The two happiest days in a sailors life ….
the day you buy a boat and the day you sell it.
It took almost three years to accept my mistake. I had purchased the wrong yacht. It was a beautiful boat. A 1987 Hunter 40, with two staterooms, two heads and a massive grand salon. It was capable of cruising at 7 knots and could easily circumnavigate the globe. It was the perfect boat… but not for me. The delivery had been a disaster with two rescue boats towing us in after dark. I raced it for two years without a win and every time I turned around it needed another expensive repair. In the morning while I had my first cup it would mockme from its berth in the back yard.
Eventually I swallowed my pride and called Tony the broker. Hoping for a white knight we listed it for $49,000 but there were no lookers. We dropped it to $37,000 and started getting a little interest. Finally after 4 months, a retired Toyota Executive looking for a project boat, sailed her away. I lost a pile of money on the trade but was… a very good day.
The dock was empty but I didn’t have any problems getting my fix. Tim Harris needed crew to help him bring his Gemini down from Tampa Bay and very Wednesday I went out with a group from The Isles Yacht Club. In July I started looking and after two months of visiting marinas from Tampa Bay to Key West, I found one that seemed too good to be true. She had been sold by the original owner two weeks earlier to a fellow who was going to use it as a cheap apartment when he was working at his Tampa office. He changed his mind about the “live aboard” lifestyle when Huricane Irma rolled over South West Florida. His loss was my gain! His asking price was 22% of my budget, plenty of money to get her in She was 25% smaller and 100% better! A Hunter 28.5 (1987), 2 feet longer than my inland boat, 11.5 shorter than my last boat and just right for Dawn and I.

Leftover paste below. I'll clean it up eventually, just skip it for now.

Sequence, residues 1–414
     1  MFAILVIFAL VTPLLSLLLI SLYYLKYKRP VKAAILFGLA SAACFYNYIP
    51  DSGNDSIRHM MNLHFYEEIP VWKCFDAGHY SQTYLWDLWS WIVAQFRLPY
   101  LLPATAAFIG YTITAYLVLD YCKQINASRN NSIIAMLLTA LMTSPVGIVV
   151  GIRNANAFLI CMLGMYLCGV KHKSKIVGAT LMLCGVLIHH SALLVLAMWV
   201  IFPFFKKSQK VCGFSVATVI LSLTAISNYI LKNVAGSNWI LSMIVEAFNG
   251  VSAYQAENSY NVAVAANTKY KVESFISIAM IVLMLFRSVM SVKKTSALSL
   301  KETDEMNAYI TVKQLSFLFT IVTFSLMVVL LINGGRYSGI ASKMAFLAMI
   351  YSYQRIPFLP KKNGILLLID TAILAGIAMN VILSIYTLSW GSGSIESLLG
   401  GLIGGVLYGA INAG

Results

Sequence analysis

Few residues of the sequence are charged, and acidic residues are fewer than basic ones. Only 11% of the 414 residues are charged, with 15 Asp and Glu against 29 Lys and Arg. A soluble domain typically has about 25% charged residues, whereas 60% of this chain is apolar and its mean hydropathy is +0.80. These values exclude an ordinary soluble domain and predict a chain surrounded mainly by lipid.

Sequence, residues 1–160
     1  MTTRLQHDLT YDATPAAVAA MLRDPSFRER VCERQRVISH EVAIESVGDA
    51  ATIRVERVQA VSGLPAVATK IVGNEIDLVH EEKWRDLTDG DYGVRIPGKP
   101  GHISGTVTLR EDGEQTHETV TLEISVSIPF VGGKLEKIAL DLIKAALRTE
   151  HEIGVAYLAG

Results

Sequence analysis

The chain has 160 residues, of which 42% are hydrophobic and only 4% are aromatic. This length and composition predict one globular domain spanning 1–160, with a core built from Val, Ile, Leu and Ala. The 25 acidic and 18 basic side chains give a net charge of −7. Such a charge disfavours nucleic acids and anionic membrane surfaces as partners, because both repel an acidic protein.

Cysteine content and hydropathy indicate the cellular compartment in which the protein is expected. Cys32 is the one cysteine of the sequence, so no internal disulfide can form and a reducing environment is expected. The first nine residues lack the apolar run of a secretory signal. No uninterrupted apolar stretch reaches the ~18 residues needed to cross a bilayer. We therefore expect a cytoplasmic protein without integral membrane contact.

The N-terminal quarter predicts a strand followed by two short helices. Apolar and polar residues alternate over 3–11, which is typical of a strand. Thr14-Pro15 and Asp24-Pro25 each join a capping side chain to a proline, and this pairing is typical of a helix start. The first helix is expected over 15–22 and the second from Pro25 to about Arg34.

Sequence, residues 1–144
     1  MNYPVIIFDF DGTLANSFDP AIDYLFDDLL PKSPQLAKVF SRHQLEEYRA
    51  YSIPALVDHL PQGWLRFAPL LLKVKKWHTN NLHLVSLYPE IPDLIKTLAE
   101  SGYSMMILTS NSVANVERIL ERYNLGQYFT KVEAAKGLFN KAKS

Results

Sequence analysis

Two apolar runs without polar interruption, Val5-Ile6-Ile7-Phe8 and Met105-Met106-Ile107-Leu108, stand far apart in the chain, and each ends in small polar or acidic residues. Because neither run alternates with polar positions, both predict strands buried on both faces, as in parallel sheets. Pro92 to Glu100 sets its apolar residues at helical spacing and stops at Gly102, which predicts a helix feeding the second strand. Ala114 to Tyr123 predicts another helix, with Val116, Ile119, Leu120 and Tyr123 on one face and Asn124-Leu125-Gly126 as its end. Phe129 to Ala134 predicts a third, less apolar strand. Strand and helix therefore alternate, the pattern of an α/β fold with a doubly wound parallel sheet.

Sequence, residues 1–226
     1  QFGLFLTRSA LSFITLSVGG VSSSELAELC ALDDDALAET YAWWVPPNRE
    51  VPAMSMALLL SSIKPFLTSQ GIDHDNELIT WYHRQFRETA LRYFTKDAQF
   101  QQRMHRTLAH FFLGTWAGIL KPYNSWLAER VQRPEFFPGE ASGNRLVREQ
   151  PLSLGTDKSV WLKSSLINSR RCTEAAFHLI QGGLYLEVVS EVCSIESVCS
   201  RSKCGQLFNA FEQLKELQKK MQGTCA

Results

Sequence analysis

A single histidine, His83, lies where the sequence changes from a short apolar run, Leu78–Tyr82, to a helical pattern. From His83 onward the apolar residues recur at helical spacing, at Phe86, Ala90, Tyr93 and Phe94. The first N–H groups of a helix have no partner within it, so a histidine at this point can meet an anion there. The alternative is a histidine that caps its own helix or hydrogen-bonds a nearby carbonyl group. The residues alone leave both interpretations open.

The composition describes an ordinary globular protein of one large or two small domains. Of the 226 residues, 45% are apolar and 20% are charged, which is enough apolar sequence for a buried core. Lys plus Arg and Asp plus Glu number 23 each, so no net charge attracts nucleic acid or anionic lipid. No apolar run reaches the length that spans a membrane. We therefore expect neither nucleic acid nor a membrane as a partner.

On Monday, I surveyed the boat and met with the original owner. On Wednesday morning I drove to Snead Island and visited the local boatyard where I got copies of the last five years of service invoices. Dennis, the original owner had taken good care of her. The bottom had been done in March and looking back, she had been hauled and serviced on a regular schedule. The Yanmar 2GM was clean and well maintained. I was sold. That afternoon I met with the seller in Tampa and closed the deal.
The next day Chris Heelis and I were shuttled up to Palmetto by his lovely and so accommodating wife, Marchelle. We spent a little time familiarizing ourself with the boat and hiked to the Public for some last minute supplies. After a fine meal at the Marina we crashed.
I was having a lalapalooza of a nightmare when I felt a bump. What was that? Where am I? It too a minute to realize that I was aboard a boat and another second to remember that it was our new boat and that today was the first day of the delivery to her new home. I was so happy to be there instead of the damned netherworld I’d just left.
We made short work of having a Cuppa Joe and pastries. Chris threw off the lines and we motored over to the fuel dock where I filled the tanks with Diesel and water. We chatted with the Dock Master who recommended I put a bottle of finness or Downey fabric softener into the black waste tank to break up the sludge. I waved to Barbara on the top deck of the Marina, thanked her for her kindness and promised to return with my wife for a visit.
We left Riverpoint Marina at 8:30 and headed down river toward Tampa Bay. The winds were 10 out of the NE and we had no trouble sailing around Anna Marie Island and down the coast to Venice Yacht Club by 4:30. There didn’t seem to be much Hurricane damage except for a sunken yacht at the entrance to VYC.
After tying up we took the bikes left for us by the dock master and rode into town for a good Italian meal and some live steel drum jazz in the park. Life is good.
The next morning we got up early and we’re away by 7:30. The sail down to Boca Grande was a fine broad reach. We viewed off shore to be well away from the coast to catch the Boca channel from the beginning. It was confused seas for a long way into the Harbor and we motor sailed until we were alongside Burnt Store.
The big excitement was a squall that caught up with us a mile below Ponce Inlet. We had been keeping an eye on it and lowered sails well before it got to us but when it hit I was surprised by the strength of the storm. I couldn’t see 10 feet past the bow and only the chart plotter kept me from going aground at the on the shallows around Punta Gorda. After 20 minutes of tooth grinding sailing it started to slack off and we were able to see well enough to point toward the channel entrance. The rest was easy.